Introduction: Litter Box Poop Detector
Digging through the litter box in search of the brown gold is not something I enjoy. And you don't want to go through the box, stiring up a cloud of dust, unless you're sure you're going to find something. That's why I constructed this little device.
Push the button and the red light lights up if the cat has been in the box, if it hasn't the green light lights up.
Flip the on/off swith to reset the light to green when you have cleaned the box.
Step 1: What You Need
To build this I used:
9V battery + connector
Magnetic contact switch
One 4xNAND logic DIL IC (of which 2 is used)
10 kOhm resistor
10 MOhm resistor
Some small wires
Small plastic box for housing it all
Lab circuit board
Liquid glue gun
Step 2: A Simple Circuit
We use two of the NAND gates in the IC to create a latch; a simple memory that will remember if the s1 switch has been opened or not.
We want as small as possible current so that the battery will last as long as possible. That is why we have the pushbutton switch, s2. If you connect the device to a power outlet you can skip the switch, in that way you do not have to go to the box and push the button to see the status. With a 10 kOhm resistor the LEDs I used barely light up.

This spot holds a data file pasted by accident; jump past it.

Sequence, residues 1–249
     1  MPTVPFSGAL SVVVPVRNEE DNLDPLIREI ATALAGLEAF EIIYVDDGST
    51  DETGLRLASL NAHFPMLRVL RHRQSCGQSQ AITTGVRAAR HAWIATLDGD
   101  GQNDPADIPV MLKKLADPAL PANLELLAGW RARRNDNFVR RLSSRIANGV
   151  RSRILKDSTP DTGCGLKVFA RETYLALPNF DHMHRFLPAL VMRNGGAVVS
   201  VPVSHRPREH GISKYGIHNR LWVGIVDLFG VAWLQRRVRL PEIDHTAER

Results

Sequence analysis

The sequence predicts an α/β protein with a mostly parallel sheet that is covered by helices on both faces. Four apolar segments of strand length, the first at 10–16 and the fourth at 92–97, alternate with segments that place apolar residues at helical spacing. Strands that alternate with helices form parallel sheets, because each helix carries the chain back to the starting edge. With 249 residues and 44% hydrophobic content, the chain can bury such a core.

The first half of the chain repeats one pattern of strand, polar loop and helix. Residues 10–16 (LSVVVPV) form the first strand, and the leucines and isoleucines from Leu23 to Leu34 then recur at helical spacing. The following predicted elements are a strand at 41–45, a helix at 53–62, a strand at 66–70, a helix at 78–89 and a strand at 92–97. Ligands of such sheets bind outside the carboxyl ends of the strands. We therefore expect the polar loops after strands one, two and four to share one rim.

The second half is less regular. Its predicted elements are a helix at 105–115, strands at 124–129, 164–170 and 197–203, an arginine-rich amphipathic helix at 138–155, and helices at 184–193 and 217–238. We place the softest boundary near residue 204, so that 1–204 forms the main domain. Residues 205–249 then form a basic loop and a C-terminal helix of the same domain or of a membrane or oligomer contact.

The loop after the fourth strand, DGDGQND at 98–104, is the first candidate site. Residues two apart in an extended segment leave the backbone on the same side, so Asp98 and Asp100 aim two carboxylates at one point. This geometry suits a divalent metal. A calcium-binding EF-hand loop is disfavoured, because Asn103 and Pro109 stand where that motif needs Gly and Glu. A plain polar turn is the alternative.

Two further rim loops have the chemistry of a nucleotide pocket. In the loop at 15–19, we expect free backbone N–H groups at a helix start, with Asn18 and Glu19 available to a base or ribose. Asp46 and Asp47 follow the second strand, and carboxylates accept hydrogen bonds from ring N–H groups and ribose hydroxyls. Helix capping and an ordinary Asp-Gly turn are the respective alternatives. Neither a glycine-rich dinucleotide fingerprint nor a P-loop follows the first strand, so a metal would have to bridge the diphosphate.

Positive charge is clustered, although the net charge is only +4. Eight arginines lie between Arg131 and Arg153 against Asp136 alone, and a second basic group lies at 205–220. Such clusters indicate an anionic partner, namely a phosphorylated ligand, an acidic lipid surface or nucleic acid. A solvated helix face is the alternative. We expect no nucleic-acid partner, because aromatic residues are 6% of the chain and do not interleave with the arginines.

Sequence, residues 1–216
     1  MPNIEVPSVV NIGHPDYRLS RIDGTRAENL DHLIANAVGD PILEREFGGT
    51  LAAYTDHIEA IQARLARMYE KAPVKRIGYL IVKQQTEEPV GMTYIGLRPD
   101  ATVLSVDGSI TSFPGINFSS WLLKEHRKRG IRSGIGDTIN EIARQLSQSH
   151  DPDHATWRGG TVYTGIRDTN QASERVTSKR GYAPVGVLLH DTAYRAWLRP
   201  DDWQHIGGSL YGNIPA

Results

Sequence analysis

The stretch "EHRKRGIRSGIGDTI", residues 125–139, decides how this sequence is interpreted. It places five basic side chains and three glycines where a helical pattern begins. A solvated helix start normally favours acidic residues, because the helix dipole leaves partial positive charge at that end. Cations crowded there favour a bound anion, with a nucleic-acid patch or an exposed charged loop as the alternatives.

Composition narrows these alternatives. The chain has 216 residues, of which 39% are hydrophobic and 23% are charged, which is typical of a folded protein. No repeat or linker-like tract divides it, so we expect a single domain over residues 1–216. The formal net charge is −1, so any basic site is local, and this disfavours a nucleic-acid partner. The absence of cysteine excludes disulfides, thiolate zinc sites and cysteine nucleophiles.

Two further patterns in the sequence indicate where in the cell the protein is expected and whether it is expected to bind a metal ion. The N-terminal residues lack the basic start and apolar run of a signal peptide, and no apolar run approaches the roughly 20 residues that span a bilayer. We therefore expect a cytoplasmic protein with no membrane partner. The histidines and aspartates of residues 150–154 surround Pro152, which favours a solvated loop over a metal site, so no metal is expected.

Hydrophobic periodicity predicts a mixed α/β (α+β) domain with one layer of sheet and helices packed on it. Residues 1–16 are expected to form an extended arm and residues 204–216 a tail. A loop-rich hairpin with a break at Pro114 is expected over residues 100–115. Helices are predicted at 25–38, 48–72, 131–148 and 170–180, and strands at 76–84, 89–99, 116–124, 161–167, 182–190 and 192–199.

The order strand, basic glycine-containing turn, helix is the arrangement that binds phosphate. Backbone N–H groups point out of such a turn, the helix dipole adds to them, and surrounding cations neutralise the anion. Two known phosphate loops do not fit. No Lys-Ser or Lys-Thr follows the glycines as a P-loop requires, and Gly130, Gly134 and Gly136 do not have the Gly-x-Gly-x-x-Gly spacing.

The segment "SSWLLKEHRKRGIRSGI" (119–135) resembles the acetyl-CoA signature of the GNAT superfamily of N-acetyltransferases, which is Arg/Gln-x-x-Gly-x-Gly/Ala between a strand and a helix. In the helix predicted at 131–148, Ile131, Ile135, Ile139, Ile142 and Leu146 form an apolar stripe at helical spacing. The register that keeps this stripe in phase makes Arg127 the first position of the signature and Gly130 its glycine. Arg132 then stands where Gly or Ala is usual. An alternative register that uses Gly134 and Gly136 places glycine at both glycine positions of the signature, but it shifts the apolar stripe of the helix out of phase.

The 10 MOhm resistor is used as pull-down so that the input to the IC is not left 'floating'.
Testing the solution:
It's a good idea to connect everything on a lab board to test the solution before soldering.
The curcuit could be constructed to draw even less current if a relay was used between the diods and the IC. Then the IC would draw a really small current to hold the latch and then switch on a larger current when the check button, s2, is pushed.
Step 3: Soldering
Solder everything in palce on a lab circuit board. Be sure to use heat shrink tubing to protect exposed wires.
Step 4: Cramming It Into the Box
Drill some holes in the plastic box for the switches, wires and LEDs.
My box was a little bit too small so I had to put the battery in sideways. Be sure to put tape on the battery so that it doesn't short circuit something by accident.
I used a box with screws so that I can open the box again to change battery. According to my calculations I'll have to change battery about once a month.
Step 5: Mounting
Mount the device:
The magnetic switch is to be mounted so that the current is cut when the litter box door is opened.
I used a liquid glue gun to attach the switch and wiring on the inside of the litter box and the electronics box on the outside with the lid facing outwards for easy re-opening.
Participated in the